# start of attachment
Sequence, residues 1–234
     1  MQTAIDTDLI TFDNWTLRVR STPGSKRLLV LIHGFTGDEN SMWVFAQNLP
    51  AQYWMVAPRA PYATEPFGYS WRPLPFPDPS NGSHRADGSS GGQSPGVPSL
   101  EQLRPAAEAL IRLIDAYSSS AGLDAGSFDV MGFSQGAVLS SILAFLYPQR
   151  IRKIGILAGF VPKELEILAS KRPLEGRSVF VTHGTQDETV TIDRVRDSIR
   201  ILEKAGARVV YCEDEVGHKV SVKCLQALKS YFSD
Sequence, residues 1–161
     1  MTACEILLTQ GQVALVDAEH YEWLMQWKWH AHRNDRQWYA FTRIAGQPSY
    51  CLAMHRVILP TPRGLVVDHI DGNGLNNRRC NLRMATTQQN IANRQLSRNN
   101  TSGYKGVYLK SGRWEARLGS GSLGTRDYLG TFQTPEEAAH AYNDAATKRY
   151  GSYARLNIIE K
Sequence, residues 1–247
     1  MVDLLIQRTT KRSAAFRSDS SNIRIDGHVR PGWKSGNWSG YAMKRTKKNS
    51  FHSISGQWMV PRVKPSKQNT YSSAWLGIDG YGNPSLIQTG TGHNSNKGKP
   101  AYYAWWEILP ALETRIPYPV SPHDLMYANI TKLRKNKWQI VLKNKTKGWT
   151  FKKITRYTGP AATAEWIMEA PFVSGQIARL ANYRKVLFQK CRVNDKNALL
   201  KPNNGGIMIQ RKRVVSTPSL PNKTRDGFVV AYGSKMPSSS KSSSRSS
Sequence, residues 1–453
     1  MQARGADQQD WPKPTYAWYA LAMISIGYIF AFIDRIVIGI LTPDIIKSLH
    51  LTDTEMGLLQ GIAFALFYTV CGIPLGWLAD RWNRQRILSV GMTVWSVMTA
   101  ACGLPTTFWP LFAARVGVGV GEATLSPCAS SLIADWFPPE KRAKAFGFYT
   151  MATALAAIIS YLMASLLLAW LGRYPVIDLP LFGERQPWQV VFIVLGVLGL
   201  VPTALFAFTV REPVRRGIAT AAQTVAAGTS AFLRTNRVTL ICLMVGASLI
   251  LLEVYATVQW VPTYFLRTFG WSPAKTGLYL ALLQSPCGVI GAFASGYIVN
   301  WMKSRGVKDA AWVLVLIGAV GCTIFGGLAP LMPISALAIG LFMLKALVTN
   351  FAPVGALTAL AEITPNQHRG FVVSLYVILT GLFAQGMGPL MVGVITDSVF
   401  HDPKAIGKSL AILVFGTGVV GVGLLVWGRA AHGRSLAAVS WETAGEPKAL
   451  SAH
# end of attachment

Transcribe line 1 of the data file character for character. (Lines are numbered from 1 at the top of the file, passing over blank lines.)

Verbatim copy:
Sequence, residues 1–234